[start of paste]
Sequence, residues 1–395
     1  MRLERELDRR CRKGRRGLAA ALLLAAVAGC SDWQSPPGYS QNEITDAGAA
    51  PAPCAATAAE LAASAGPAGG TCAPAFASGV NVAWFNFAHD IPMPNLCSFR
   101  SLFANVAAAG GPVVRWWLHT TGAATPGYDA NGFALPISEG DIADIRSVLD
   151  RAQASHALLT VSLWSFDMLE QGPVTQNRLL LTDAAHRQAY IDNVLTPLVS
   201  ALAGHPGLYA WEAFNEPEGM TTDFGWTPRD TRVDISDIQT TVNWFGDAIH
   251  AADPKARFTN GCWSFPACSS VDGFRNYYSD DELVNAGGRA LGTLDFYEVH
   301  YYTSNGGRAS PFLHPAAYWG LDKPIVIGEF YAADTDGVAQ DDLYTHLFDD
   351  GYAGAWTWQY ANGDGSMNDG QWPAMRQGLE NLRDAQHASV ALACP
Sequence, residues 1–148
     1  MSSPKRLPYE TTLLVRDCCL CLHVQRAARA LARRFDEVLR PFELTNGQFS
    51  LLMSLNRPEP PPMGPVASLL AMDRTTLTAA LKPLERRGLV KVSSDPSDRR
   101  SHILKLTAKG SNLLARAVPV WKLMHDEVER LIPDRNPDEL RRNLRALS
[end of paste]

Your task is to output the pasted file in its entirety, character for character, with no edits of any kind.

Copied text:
Sequence, residues 1–395
     1  MRLERELDRR CRKGRRGLAA ALLLAAVAGC SDWQSPPGYS QNEITDAGAA
    51  PAPCAATAAE LAASAGPAGG TCAPAFASGV NVAWFNFAHD IPMPNLCSFR
   101  SLFANVAAAG GPVVRWWLHT TGAATPGYDA NGFALPISEG DIADIRSVLD
   151  RAQASHALLT VSLWSFDMLE QGPVTQNRLL LTDAAHRQAY IDNVLTPLVS
   201  ALAGHPGLYA WEAFNEPEGM TTDFGWTPRD TRVDISDIQT TVNWFGDAIH
   251  AADPKARFTN GCWSFPACSS VDGFRNYYSD DELVNAGGRA LGTLDFYEVH
   301  YYTSNGGRAS PFLHPAAYWG LDKPIVIGEF YAADTDGVAQ DDLYTHLFDD
   351  GYAGAWTWQY ANGDGSMNDG QWPAMRQGLE NLRDAQHASV ALACP
Sequence, residues 1–148
     1  MSSPKRLPYE TTLLVRDCCL CLHVQRAARA LARRFDEVLR PFELTNGQFS
    51  LLMSLNRPEP PPMGPVASLL AMDRTTLTAA LKPLERRGLV KVSSDPSDRR
   101  SHILKLTAKG SNLLARAVPV WKLMHDEVER LIPDRNPDEL RRNLRALS